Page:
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Houston in Harris County, Texas — The American South (West South Central)
 

Daughters of the Republic of Texas

 
 
Daughters of the Republic of Texas Marker image. Click for full size.
By Jim Evans, December 30, 2012
1. Daughters of the Republic of Texas Marker
Inscription. On November 6, 1891, seventeen women met at the home of Mrs. Andrew Briscoe at this site to organize an auxiliary to the Texas Veterans Association. Mrs. Anson Jones was elected president of the new organization, Daughters of the Lone Star Republic. Goals set for the group included preserving the memories of Texas Revolution heroes, instilling Texas patriotism in the state's school children, preservation of historic sites, and promoting statewide celebrations of Texas Independence Day (March 2) and San Jacinto Day (April 21).

The first annual meeting of the organization was held in Lampasas on April 21, 1892. A resolution was passed to change the group's name to the Daughters of the Republic of Texas. By 1892 the first two chapters had been formed, one in Galveston and one in Houston.

The D.R.T. has been in the forefront of many historic preservation projects throughout the state. Clara Driscoll, on behalf of the D.R.T., wrote personal checks to save the Alamo from demolition. The organization also led efforts to preserve and commemorate the San Jacinto Battlefield site, and maintains the old General Land Office and French Legation buildings in Austin as museums.
Texas Sesquicentennial 1836-1986

 
Erected 1986 by Texas Historical Commission
Daughters of the Republic of Texas Marker image. Click for full size.
By Jim Evans, December 30, 2012
2. Daughters of the Republic of Texas Marker
. (Marker Number 10646.)
 
Location. 29° 45.383′ N, 95° 21.473′ W. Marker is in Houston, Texas, in Harris County. Marker is on Crawford Street north of Capitol Street, on the left when traveling north. Click for map. Marker is at or near this postal address: 609 Crawford Street, Houston TX 77002, United States of America.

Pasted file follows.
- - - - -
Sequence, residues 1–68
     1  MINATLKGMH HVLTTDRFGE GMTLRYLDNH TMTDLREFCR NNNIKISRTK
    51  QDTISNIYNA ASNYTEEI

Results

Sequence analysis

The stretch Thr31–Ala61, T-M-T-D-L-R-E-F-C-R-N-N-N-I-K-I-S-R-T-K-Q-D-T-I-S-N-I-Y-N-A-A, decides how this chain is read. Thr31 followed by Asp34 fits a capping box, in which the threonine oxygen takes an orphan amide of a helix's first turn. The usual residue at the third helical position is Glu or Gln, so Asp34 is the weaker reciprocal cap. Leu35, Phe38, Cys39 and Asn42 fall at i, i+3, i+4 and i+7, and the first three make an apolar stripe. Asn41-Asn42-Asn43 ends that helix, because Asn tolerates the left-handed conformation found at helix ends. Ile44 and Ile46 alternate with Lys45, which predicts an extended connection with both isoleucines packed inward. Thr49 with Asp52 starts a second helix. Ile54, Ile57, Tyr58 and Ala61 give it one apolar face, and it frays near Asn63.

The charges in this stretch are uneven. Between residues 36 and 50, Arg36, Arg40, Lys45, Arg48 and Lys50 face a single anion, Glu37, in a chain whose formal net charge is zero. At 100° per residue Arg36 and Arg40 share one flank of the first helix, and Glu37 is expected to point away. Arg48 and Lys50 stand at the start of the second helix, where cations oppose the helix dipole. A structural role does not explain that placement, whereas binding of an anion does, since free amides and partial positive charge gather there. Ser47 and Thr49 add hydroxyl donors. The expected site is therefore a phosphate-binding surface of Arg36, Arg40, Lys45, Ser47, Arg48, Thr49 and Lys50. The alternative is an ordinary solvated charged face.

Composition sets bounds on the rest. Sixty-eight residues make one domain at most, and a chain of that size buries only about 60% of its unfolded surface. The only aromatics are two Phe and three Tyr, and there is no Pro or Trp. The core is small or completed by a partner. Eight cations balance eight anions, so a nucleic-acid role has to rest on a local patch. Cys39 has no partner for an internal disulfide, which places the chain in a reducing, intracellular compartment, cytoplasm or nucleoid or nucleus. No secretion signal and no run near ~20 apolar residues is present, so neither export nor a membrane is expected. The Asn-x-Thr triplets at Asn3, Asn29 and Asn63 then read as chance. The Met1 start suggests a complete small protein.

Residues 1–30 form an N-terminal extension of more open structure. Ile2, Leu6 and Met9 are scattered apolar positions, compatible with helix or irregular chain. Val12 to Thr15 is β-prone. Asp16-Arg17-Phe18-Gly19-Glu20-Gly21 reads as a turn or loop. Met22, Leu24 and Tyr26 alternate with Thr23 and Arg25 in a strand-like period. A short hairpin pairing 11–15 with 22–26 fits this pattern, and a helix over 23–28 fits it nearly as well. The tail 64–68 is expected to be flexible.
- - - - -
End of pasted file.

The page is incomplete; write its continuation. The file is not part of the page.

Other nearby markers. At least 8 other markers are within walking distance of this marker. Annunciation Church (within shouting distance of this marker); a different marker also named Annunciation Church (within shouting distance of this marker); Site of Old Houston Academy (approx. 0.2 miles away); Harris County (approx. 0.4 miles away); Harris County 1910 Courthouse (approx. 0.4 miles away); Gulf Building (approx. 0.4 miles away); Pillot Building (approx. 0.4 miles away); First White House of the Republic of Texas (approx. 0.4 miles away). Click for a list of all markers in Houston.
 
Related marker. Click here for another marker that is related to this marker.
 
Also see . . .
1. Daughters of the Republic of Texas Website. (Submitted on January 5, 2013, by Jim Evans of Houston, Texas.)
2. Daughters of the Republic of Texas in The Handbook of Texas. (Submitted on January 5, 2013, by Jim Evans of Houston, Texas.)
 
Categories. Fraternal or Sororal OrganizationsWar, Texas Independence
 
 
Credits. This page originally submitted on , by Jim Evans of Houston, Texas. This page has been viewed 413 times since then and 6 times this year. Photos:   1, 2. submitted on , by Jim Evans of Houston, Texas. • Bernard Fisher was the editor who published this page. This page was last revised on June 16, 2016.
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